All employers and organisations dealing with children and/or vulnerable adults should ensure that their staff are trained in respect of the offences and defences together with having clear internal policies and procedures in place.
National Vetting Bureau (Children and Vulnerable Persons) Act 2012
This Act was enacted on 26th December 2012 however it has not yet been brought into force. The Minister for Justice and Equality is currently in consultation with other government departments in relation to a commencement date for the Act.
The current Garda Vetting system allows certain organisations to request vetting from the Garda Central Vetting Unit on prospective or actual employees who will be working unsupervised with children or vulnerable adults. The Garda will provide any relevant information (such as in respect of any relevant allegations, reports, charges or offences) to the organisation. The organisation must then determine themselves if the person is suitable for such employment.
Under the new Act a National Vetting Bureau (of the Garda Síochána) will be set up to replace the current Garda Central Vetting Unit. The Bureau will essentially be the current Unit under a new name and under a statutory regime and regulation. The Bureau is tasked with establishing a database system. The database will contain a register of:-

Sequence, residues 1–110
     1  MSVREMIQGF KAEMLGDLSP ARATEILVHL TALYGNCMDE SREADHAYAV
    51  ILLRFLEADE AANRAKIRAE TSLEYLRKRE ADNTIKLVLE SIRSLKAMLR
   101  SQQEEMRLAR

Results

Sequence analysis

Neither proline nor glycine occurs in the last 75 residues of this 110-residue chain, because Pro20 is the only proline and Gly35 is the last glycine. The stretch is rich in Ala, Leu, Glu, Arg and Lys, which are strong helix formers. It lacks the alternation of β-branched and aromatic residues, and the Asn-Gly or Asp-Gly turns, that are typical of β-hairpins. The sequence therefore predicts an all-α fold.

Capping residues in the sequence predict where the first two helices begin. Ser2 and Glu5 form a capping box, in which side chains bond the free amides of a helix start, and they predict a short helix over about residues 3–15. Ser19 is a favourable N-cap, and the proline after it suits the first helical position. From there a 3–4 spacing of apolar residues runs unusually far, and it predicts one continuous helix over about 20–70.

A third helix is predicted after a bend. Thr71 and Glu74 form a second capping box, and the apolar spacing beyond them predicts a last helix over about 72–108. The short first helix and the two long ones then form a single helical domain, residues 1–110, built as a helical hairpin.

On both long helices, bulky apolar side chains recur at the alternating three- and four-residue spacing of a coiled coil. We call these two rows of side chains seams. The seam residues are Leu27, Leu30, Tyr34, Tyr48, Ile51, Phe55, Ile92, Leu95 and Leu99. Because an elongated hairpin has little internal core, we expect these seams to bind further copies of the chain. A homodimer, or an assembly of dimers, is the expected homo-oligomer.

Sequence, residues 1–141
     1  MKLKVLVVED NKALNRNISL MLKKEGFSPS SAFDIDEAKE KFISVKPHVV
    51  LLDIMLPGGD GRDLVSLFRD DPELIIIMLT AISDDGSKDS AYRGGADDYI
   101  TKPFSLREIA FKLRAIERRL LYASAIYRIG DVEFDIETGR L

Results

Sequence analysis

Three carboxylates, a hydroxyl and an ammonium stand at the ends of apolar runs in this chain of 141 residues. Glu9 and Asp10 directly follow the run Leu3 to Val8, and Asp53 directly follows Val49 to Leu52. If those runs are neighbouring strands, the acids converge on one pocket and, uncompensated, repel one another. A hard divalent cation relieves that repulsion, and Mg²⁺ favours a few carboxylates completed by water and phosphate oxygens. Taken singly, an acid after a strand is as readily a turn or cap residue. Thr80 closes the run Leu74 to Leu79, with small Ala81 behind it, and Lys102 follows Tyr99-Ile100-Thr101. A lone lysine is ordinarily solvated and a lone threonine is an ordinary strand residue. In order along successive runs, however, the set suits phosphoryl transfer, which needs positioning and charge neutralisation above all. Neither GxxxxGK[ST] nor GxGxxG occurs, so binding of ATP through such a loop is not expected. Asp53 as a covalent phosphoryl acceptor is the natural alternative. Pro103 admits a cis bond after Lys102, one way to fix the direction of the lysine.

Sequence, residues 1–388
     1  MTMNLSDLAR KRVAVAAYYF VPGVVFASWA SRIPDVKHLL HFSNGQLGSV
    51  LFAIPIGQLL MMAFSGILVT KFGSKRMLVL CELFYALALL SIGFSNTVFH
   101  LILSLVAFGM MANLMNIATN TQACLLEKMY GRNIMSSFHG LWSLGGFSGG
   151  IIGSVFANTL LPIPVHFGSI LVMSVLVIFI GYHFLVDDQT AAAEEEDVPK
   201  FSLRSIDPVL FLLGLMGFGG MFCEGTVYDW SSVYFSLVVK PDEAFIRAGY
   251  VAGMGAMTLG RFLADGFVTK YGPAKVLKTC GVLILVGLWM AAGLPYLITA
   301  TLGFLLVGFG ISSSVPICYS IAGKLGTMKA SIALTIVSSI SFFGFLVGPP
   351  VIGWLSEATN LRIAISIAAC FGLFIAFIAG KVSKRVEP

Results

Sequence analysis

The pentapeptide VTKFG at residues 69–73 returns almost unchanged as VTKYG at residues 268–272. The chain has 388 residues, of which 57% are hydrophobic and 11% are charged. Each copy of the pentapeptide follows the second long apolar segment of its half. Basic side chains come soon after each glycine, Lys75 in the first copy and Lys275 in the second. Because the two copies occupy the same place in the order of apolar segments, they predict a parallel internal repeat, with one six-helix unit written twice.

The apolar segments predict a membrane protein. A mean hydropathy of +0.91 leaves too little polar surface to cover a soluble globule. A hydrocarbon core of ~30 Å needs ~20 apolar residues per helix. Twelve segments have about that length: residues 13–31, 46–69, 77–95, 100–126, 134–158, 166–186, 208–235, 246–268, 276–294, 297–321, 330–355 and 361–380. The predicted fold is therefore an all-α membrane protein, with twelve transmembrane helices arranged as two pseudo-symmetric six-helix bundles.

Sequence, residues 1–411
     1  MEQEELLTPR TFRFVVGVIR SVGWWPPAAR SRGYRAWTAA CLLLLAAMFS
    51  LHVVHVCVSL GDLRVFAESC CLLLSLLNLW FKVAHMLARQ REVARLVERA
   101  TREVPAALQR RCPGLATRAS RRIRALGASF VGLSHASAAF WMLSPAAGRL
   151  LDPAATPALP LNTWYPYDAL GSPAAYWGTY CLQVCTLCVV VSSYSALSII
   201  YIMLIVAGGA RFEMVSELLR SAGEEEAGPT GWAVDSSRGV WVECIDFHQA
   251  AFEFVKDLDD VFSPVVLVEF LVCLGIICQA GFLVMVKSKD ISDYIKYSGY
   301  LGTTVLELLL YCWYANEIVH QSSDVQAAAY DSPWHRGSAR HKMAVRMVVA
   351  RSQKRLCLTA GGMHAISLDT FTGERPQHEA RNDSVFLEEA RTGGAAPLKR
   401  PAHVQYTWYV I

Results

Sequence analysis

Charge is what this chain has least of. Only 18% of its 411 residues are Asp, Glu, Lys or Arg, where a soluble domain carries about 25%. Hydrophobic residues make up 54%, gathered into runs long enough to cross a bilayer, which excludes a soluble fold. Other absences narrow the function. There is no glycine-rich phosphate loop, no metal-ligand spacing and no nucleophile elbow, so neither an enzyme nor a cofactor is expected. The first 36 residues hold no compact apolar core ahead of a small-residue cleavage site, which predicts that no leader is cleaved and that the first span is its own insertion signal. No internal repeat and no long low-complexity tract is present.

• Relevant organisations. Relevant organisations are specified in the Act but essentially includes organisations that facilitate people coming into contact with children and vulnerable adults through employment, provision of services and training/schooling and undertaking relevant work.
• Register of specified information. This includes information regarding bona fide concerns that a person may harm a child or vulnerable person. This information will come from Garda Síochána and from organisations specified in the act, such as the HSE and Teaching Council, who will be obliged to notify specified information to the Bureau.
• Register of vetted persons.
The act imposes obligations on certain relevant organisations to:-
• Register with the Bureau. Current registered organisations will continue to be deemed to be registered under the new Act and thereafter other organisations must apply to be registered.
• Notify specified information to the Bureau which includes bona fide concerns that the person may harm a child or vulnerable person. Organisations may only do so after an investigation, inquiry or regulatory process regarding those bona fide concerns.